The gap between America's highest- and lowest-paid workers is widening, The Wall Street Journal reported.
Labor Department figures released Tuesday show that between the end of the recession in mid-2009 and the first quarter of 2012, earnings of Americans at the top - meaning those who earned more than 90 percent of all workers - rose 7 percent, before adjusting for inflation.
During the same period, wages of those at the bottom, those who earned less than 90 percent of all workers, rose 2.5 percent.
That pay difference predates the global financial crisis. Between 2003 and 2007, wages increased 12.9 percent for high earners, compared with 8.4 percent for the lowest-paid 10 percent of workers.
Wages at the top have been growing more rapidly than those at the bottom for decades. Among the explanations offered by academic economists are globalization and the rise of technology. Globalization has shifted many of America's low-skilled, high-paid manufacturing jobs overseas, while technology has made U.S. firms more productive but rendered some jobs obsolete. The result: America's labor market increasingly looks divided between jobs that require higher education and those that don't.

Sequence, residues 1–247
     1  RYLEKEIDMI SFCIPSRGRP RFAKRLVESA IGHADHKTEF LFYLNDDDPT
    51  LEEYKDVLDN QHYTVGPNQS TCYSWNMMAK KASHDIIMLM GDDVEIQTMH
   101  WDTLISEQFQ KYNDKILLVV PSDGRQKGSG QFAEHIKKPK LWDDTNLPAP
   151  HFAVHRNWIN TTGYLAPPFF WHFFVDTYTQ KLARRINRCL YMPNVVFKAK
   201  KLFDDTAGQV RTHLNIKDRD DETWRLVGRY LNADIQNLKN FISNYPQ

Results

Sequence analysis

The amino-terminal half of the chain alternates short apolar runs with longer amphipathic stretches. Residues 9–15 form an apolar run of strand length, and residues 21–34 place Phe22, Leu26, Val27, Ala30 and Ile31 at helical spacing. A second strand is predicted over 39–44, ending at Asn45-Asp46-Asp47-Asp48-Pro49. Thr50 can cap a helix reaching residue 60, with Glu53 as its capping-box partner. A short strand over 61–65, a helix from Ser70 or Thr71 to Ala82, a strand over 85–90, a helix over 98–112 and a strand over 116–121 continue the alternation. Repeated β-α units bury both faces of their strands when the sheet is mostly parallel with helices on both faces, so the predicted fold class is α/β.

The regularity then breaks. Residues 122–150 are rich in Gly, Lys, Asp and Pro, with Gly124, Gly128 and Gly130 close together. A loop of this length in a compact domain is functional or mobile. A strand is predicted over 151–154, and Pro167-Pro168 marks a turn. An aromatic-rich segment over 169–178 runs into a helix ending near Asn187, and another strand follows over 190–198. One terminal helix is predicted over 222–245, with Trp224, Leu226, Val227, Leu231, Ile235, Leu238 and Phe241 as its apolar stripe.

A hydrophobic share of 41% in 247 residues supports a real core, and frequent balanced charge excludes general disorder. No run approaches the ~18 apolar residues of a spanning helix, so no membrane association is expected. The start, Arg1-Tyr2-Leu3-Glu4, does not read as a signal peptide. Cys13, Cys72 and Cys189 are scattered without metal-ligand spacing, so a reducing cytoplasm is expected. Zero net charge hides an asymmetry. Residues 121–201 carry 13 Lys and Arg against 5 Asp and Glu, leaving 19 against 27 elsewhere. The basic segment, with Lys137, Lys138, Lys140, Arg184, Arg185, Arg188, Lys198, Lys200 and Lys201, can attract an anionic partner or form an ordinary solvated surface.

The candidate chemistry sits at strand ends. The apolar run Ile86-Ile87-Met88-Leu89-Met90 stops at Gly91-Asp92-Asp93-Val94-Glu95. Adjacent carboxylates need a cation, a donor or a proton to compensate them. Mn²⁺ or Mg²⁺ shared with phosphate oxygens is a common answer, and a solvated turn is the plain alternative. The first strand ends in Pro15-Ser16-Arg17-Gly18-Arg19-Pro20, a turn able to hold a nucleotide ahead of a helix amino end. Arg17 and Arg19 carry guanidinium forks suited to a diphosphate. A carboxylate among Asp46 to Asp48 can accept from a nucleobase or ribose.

"One of the most important factors is the rising value of a college or post-college degree," said David Autor, an economics professor at the Massachusetts Institute of Technology. "People who have four-year degrees, and even more so, those with graduate degrees, have done well in the last 30 years."
In the first quarter of 2012, people in the bottom tenth of the work force earned $360 or less a week, the Labor Department said. The typical worker among the top 10 percent of earners was paid $1,858 or more a week. Between 1979 and 1989, wages for top earners rose 75 percent, while those for the bottom tenth of the work force climbed 54 percent.